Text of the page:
I have not encountered this strategy in seminars or regular training of Krav Maga. This involved personnel with extensive experience in law enforcement and military training as well as bouncers who actually have been stabbed. Therefore, I would say that it cannot be counted as "relevant strategy" taught in contemporary self-defence as far as my experience goes. The probable reason is that modern self-defence focuses on keeping it simple and using as few reaction patterns as possible for a great variety of applications, ie. the same basic approach to all weapon attacks.
An additional rationale which explains the omission of this particular strategy is the experience that for basically every relevant situation where knives come into play, you simply will not have the time to take your jacket off. It's just not happening that people who want to kill you will take their knives out, shout "I'll kill you" and make circles around you flailing around. Ok, maybe this happens, too, but these are not the people you really have to worry about since they probably are drunk and lack real intent to kill - show-offs and bigmouths, basically.
But the dangerous truth is that if people mean it, you either are stabbed before you even notice it or the attack is immediate the moment you notice that they have a knife in their hands. That is the nature of the reality of knife attacks. Additionally, the common "sewing machine" stabbing from close range makes it very hard to apply such things.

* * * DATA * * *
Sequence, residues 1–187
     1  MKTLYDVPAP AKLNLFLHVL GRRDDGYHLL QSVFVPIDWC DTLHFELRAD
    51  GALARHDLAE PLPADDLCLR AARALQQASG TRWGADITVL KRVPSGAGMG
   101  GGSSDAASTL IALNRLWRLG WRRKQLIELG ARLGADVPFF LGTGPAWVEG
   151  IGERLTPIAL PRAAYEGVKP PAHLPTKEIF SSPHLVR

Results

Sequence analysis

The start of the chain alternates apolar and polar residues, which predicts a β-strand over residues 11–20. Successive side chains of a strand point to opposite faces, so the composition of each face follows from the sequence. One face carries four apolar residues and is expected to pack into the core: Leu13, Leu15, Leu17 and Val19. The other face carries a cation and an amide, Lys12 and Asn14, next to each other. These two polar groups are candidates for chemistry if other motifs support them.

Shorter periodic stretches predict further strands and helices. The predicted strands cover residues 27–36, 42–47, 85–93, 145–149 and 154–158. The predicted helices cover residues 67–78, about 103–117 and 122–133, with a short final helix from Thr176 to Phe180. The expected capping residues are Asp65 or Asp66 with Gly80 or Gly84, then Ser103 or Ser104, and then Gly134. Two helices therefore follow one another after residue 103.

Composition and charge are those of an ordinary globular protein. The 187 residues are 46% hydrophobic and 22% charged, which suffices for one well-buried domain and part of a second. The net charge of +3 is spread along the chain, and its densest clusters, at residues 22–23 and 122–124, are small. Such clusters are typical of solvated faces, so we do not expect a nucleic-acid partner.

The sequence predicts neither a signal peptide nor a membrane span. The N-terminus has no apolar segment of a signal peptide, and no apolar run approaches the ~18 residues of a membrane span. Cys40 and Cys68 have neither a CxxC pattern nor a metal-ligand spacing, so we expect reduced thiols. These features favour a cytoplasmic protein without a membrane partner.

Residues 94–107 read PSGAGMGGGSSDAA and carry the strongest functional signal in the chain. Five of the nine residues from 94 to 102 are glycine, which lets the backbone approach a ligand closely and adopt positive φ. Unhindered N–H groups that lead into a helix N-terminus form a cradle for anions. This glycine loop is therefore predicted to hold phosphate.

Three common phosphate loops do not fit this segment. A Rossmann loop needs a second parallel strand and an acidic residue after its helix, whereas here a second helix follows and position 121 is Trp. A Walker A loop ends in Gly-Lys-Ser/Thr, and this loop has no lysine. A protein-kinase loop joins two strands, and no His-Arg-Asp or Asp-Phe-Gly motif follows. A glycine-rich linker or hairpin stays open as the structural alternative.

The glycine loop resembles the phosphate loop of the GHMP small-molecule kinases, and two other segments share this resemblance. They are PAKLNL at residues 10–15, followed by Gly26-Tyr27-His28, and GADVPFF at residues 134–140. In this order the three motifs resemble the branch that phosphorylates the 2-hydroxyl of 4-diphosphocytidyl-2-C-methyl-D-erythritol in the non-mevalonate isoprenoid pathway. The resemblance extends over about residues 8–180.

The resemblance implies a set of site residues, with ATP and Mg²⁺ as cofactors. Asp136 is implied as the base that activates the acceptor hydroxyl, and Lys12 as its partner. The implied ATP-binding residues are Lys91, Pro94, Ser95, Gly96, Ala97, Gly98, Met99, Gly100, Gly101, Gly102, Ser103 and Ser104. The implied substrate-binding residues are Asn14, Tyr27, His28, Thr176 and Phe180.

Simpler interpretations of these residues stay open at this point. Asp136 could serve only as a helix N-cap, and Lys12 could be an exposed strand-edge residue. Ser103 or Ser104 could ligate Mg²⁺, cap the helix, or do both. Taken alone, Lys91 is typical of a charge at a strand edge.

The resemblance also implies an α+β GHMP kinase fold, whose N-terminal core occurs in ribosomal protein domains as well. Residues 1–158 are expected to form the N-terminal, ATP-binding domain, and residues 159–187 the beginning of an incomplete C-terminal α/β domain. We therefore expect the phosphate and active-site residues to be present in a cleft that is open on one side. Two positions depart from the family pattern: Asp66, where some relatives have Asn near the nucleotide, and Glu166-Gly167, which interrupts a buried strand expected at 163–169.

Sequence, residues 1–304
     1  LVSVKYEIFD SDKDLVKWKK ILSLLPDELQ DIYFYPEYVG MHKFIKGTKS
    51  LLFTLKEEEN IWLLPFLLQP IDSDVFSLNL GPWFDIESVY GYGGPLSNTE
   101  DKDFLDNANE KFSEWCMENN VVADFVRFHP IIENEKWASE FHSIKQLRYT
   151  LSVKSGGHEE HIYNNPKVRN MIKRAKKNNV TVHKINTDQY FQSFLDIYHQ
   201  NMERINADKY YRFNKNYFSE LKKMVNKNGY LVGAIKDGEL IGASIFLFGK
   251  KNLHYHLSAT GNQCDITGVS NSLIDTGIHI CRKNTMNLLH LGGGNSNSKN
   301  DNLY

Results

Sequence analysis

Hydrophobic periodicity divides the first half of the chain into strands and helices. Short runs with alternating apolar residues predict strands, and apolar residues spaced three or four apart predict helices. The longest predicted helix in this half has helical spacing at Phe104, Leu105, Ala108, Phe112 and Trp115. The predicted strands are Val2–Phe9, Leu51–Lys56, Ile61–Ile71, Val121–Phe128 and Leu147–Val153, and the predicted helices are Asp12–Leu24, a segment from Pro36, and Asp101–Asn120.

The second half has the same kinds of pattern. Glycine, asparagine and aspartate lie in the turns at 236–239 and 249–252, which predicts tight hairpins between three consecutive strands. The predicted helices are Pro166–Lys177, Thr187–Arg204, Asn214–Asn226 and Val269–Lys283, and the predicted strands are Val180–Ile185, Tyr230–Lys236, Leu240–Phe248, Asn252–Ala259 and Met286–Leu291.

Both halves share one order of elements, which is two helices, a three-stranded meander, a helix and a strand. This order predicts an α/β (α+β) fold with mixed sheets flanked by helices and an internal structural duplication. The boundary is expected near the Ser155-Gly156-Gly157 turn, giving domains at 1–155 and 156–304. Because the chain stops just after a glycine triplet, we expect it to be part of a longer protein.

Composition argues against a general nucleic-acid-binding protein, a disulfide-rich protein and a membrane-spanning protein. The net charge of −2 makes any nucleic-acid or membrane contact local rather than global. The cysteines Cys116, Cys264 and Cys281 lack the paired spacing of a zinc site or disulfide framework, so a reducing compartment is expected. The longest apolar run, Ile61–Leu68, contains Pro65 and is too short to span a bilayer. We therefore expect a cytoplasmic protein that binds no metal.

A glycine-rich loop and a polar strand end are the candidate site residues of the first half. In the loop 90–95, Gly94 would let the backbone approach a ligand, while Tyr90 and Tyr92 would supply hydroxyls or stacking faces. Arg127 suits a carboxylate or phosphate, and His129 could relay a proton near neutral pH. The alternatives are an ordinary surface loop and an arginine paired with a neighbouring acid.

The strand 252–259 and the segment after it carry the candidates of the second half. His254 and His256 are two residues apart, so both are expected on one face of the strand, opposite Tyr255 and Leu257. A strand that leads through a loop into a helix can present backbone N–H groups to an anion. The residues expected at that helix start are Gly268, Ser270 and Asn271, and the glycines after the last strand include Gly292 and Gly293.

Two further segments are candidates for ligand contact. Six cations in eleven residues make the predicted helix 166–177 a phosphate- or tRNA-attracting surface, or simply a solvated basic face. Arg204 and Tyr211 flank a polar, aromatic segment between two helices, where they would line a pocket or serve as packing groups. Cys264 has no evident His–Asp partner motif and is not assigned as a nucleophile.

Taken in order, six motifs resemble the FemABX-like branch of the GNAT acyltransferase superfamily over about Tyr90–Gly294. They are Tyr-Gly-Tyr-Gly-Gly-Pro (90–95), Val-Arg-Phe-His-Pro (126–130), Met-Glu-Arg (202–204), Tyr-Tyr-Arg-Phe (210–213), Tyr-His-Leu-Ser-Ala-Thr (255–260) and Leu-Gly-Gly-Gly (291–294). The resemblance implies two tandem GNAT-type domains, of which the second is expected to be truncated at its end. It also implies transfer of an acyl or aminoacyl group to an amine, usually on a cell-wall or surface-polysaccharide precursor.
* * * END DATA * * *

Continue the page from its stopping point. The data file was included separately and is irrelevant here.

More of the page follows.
That being said, disarming techniques are not reliable. Everyone who is not delusional and has some real-life experience will admit that. Without breaking bones or at least hits to the body and/or head which disorient or incapacitate the attacker, you will not get that knife out of their hands. It is the centre of their attention and efforts, the focus of their intent. It also does not matter whether the attacker is skilled or unskilled since a knife is more or less a natural instrument when it comes to hurting and killing others, it is a direct extension of the hand.
Therefore, it is all about mitigating damage while going all-out versus your attacker, both physically and psychologically. This is knife-defence. As it basically is the defence strategy against any weapon. It is just harder against knives since they are so elusive and getting hold of them involves serious endangerment like deep cuts or losing a finger or two. So what you learn in modern self-defence are ways to take as little damage as possible while freaking out and hurting the other one under extreme stress levels, as well as awareness and identification of incoming attacks.
Thus, if you have the time and ability to use loose clothing for damage mitigation, it will surely help. But I would not make my bets on that chance, nor should it be the focus and centre of training knife-defence.